Reducing the state’s footprint and advancing governance reforms are also critical. A thriving private sector is needed to realize the authorities’ aspiration of joining the world’s thirty most developed countries by 2050. This calls for decisive steps. While the various reform initiatives are ambitious and comprehensive, the state remains predominant. Progress is being made, but the challenge is to ensure that changes on paper lead to deep and meaningful changes in practice. With recovery now underway, extensive state support risks cementing a culture of reliance on subsidies. The growth impetus should move firmly to the private sector, with the state focusing on facilitating the business environment and enhancing infrastructure, connectivity, and inclusivity. Successful initial public offerings (IPOs) of “blue-chip” SOEs would send a strong signal, along with further efforts to modernize rail and road networks, liberalize trade, enhance domestic competition, and improve land use and agriculture infrastructure. Opportunities to enhance connectivity and diversify under the BRI should be seized. On governance, far-reaching and complex efforts to make the civil service more professional, enhance use of technology in public administration, and strengthen accountability are welcome and should proceed.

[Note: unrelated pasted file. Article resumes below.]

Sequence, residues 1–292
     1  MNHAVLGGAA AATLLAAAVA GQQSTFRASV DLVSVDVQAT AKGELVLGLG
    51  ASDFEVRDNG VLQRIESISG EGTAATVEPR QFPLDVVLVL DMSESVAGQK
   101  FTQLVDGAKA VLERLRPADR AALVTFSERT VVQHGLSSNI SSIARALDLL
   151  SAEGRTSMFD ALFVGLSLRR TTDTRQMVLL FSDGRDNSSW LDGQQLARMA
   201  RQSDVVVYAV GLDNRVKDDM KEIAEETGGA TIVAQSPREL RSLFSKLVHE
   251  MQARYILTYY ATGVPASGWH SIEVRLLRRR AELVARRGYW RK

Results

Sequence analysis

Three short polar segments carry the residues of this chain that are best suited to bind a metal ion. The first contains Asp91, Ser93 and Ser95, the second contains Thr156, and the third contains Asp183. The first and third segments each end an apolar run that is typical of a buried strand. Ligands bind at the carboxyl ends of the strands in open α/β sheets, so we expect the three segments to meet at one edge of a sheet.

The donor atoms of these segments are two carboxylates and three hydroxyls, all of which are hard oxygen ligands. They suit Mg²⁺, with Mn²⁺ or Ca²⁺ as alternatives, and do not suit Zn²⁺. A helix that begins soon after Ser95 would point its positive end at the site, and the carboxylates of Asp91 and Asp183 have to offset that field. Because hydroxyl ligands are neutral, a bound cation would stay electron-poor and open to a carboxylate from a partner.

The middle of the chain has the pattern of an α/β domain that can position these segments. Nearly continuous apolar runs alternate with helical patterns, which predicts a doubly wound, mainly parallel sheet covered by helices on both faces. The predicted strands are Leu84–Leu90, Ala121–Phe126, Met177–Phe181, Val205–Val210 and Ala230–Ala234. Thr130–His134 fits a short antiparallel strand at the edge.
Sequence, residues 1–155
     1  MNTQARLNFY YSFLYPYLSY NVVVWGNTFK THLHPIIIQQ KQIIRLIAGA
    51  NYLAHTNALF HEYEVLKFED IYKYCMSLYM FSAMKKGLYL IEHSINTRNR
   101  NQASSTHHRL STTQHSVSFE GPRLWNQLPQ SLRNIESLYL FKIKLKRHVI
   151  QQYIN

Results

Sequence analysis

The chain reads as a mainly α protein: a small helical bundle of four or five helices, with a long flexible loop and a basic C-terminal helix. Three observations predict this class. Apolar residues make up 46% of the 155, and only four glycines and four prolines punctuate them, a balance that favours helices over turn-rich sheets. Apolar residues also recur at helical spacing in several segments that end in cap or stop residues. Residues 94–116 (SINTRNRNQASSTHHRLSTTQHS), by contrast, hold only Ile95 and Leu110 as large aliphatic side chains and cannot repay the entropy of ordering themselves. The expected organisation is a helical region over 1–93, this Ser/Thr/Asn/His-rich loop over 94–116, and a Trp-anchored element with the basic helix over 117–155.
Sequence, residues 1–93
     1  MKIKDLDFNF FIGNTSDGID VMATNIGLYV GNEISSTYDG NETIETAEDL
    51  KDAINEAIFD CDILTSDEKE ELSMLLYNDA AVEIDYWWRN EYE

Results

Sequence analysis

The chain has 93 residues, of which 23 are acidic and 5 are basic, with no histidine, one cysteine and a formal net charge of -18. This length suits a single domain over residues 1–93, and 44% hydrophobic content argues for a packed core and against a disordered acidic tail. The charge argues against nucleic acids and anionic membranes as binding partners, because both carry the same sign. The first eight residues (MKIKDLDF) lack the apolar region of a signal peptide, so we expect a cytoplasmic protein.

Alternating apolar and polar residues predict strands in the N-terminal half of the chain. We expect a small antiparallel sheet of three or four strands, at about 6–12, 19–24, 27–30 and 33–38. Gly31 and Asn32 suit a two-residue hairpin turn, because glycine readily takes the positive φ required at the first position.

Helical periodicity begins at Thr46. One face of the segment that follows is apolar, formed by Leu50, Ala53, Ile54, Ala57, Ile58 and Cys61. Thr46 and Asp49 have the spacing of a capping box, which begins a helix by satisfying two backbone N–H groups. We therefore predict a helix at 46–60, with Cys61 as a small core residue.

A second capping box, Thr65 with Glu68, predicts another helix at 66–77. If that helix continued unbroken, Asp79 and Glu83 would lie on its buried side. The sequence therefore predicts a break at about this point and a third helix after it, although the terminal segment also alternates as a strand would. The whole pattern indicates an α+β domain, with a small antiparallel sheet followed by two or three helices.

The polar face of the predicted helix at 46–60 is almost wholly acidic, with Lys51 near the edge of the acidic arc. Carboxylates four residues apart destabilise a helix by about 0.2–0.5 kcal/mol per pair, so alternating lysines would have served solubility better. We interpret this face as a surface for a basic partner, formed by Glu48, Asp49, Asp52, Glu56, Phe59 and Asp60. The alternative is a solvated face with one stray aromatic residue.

The next Article IV consultation is expected to take place on the standard 12-month cycle.

Kazakhstan: Selected Economic Indicators, 2015–19

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The fiscal accounts in 2017 include a state support to the banking sector of 4 percent of GDP. Sources: Kazakhstani authorities and Fund staff estimates and projections.


Under Article IV of the IMF’s Articles of Agreement, the IMF holds bilateral discussions with members, usually every year. A staff team visits the country, collects economic and financial information, and discusses with officials the country’s economic developments and policies. On return to headquarters, the staff prepares a report, which forms the basis for discussion by the Executive Board.


The Executive Board takes decisions under its lapse of time procedure when it is agreed by the Board that a proposal can be considered without convening formal discussions.


At the conclusion of the discussion, the Managing Director, as Chairman of the Board, summarizes the views of Executive Directors, and this summary is transmitted to the country’s authorities. An explanation of any qualifiers used in summing up can be found here:

Republic of Kazakhstan: 2018 Article IV Consultation-Press Release; and Staff Report
Author: International Monetary Fund. Middle East and Central Asia Dept.